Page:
There are a number of ways to test whole silicon wafers in production. In most cases all die on the wafer are tested and this is often referred to as 100% probe, production, final probe, final test and more. The primary modes of identifying bad die on the wafer is with inking or wafer mapping. If inking is used the die are normally tested to one program (part number) and they are either good or bad. If a die is bad an ink dot is applied to the center of it. The die with ink dots are normally not picked up from the frame (manually or with a pick & place arm) at later processing. A die with an ink dot does not mean the device was a complete failure. It means the device did not meet the electrical requirements of the test program. The most popular method of testing die is with a wafer map program.
The advantage to wafer mapping is multiple programs and binning can be used. This allows for better wafer utilization because multiple good part numbers can be saved for later use. After 100% probe the wafers are normally sent to be sawn. The sawing process usually involves mounting the wafers on a sticky tape that is affixed to a metal frame or plastic ring (hoop). The sticky side is where the wafer is mounted and it holds the die in place after the wafer has been sawn (all streets in X and Y).
The die is now in a singulated mode and it is not uncommon for some companies or customers to want to test the die again. The primary reason for re-testing is because saw induced failures can occur and it is possible that some die that were originally electrically good at 100% probe may now be bad after saw (cracks, chip outs, ESD damage could induce electrical failures). Other reasons for testing again is because the die is being mounted into an expensive package or housing that can’t be re-worked or is difficult to re-work. Another is because the parts are being used in a Hi-Rel (high reliability) application (medical, military, satellite and more). In all cases the additional testing increases the average selling price (ASP) of the die due to the additional screening required but still less in comparison to the packaging costs. There are companies, often referred to as die houses, that will purchase whole wafers, partial wafers, wafers mounted on frames and sawn as well as individual die placed in waffle packs or Gel pack containers from wafer foundries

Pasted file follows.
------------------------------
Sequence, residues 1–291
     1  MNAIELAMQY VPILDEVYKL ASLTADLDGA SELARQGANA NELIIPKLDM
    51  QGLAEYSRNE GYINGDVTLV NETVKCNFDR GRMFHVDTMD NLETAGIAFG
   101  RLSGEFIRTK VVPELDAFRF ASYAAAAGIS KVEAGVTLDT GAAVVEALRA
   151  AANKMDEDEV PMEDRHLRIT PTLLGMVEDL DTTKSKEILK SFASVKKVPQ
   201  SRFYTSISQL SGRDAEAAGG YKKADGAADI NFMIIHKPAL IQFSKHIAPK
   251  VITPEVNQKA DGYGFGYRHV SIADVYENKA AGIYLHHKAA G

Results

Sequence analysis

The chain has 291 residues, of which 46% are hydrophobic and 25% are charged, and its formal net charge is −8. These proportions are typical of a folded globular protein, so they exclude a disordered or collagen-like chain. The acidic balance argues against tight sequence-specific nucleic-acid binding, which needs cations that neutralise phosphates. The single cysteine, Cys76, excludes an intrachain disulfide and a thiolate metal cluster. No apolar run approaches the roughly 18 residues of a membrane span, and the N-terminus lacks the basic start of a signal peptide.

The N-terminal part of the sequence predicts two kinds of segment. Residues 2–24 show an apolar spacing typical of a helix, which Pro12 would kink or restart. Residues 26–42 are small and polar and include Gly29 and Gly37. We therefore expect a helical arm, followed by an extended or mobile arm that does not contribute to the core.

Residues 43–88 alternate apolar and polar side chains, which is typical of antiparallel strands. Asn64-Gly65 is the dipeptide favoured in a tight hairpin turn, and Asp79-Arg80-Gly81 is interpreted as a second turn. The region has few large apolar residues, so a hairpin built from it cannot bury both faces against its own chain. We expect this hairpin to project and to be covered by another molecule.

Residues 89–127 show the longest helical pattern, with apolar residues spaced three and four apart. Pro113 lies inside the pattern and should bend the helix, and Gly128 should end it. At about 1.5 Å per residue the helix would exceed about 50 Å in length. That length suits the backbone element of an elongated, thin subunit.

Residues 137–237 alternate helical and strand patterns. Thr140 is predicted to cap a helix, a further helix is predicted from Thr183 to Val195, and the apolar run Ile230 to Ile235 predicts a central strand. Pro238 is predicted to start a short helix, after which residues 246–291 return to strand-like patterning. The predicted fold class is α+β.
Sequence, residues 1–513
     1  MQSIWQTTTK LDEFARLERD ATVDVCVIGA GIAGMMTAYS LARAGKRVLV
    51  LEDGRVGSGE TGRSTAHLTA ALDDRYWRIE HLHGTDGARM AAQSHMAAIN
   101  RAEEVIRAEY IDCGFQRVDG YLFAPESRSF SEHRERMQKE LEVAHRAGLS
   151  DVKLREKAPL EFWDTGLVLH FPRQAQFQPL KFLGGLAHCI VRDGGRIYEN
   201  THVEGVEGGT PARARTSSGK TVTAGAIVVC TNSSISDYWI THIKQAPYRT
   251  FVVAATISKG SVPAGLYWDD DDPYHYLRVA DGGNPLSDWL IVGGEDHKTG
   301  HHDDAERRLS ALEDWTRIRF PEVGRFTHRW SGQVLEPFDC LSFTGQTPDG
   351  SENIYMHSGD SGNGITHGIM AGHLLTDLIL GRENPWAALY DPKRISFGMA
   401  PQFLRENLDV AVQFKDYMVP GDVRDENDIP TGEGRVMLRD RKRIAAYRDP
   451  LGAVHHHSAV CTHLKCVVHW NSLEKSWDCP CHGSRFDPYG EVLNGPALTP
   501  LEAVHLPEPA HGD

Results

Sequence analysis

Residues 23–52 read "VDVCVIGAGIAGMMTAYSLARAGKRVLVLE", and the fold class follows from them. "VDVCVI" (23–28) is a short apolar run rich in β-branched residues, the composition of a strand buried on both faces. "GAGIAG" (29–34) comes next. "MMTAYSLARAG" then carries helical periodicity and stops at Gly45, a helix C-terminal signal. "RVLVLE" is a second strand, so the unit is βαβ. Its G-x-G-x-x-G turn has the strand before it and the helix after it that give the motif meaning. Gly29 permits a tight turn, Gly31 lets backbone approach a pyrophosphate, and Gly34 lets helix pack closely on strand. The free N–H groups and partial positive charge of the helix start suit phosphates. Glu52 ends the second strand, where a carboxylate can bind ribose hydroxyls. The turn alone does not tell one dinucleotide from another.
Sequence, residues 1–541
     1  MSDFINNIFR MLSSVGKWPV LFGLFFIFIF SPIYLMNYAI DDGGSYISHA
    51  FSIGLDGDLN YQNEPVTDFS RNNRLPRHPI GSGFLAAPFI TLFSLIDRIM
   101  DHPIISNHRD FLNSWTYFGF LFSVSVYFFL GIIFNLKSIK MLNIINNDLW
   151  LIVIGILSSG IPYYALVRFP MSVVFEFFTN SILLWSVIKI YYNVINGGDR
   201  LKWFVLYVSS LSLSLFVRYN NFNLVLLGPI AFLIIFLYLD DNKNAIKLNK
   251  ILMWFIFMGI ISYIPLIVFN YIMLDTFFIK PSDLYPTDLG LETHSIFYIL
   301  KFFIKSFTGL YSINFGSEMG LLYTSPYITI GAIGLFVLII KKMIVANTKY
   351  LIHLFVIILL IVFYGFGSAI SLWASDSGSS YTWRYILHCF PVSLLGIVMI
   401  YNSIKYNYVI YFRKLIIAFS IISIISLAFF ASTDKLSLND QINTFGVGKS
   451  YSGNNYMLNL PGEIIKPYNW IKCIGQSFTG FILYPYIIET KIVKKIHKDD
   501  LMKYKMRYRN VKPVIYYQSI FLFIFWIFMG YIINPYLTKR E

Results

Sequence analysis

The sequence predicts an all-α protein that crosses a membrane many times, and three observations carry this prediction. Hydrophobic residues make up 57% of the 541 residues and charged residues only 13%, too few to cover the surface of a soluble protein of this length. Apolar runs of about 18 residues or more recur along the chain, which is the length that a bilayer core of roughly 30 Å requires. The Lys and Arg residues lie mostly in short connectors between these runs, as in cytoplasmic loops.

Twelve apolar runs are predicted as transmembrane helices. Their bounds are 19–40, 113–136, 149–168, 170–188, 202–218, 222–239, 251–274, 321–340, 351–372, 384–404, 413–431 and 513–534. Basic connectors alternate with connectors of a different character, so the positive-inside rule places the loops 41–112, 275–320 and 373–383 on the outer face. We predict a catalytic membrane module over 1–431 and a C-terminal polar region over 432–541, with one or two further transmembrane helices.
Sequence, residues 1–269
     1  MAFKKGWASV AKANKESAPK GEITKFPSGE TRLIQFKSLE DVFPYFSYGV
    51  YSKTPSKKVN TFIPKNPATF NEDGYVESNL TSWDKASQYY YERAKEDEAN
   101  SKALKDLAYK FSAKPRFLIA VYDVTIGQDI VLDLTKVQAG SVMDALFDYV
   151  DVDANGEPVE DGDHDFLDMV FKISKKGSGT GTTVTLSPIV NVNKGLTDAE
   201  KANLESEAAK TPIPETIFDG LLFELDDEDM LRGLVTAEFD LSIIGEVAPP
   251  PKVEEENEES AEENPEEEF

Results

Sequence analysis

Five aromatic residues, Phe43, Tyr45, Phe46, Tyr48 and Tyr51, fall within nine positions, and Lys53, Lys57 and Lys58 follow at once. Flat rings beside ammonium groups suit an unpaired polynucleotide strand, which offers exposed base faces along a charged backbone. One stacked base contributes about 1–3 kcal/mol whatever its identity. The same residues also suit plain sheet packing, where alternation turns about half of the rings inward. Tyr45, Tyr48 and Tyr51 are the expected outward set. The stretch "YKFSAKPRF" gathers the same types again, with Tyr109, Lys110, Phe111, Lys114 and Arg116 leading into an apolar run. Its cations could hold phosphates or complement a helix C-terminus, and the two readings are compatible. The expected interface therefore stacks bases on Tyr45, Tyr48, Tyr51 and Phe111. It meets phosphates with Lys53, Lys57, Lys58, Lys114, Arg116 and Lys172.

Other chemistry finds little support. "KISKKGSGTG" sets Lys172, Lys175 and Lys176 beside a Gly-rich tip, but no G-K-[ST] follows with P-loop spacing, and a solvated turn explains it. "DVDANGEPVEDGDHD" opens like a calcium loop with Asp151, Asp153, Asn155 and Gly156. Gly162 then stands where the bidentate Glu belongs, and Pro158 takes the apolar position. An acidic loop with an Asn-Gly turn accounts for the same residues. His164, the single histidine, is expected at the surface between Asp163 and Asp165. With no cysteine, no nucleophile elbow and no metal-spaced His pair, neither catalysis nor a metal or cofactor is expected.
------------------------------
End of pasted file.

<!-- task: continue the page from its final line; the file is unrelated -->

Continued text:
They add value to their customers with additional electrical testing, visual inspection, documentation and the willingness to sell in small quantities. Die houses, foundries and other companies often provide die that are referred to as Known Good Die or KGD.
SemiProbe has a family of probe systems – manual, semiautomatic and fully automatic that can test whole wafers, partial wafers, wafers sawn and stretched on frames as well as individual die in trays or mounted on frames. All semiautomatic and fully automatic probe systems have a programmable X,Y,Z and Theta stage and that ability combined with the PILOT Software Suite (Navigator, Wafer Map and Autoalign) provides the ability to test singulated die on frames as well as in trays.
It is not uncommon to build customized trays that are universal in design to hold a few different sized die (chips). In most cases a small vacuum hole is drilled in the bottom of the tray that allows the individual die to be held in place via vacuum when the tray is placed on the standard wafer chuck (ambient or thermal chuck). In some applications vacuum can’t be used so mechanically clamping the individual die is required. The cavity of the tray has to be larger than the die so that means that the chips can vary in X,Y and Theta rotation relative to each other. The probe system, using the capabilities mentioned above, will automatically align each chip prior to testing. Individual manipulators or probe cards can be used. The die results can be saved with a wafer (die) map or inked with an inker.
To provide additional capabilities for Known Good Die (KGD) requirements SemiProbe also provides integrated pick & place arms as well as inspection modules into our patented Probe System for Life (PS4L) platform. With the pick & place arm the user has the ability to test die on a frame or in a tray using the probe system chuck and place the tested device in either a tray, trays or a frame placed on the platen.
In most cases a Known Good Die (KGD) probing solution will be application specific. Most of the system configuration will use standard probe system components with some being customized for the customers application
Examples of some customized die (chip) and bar trays: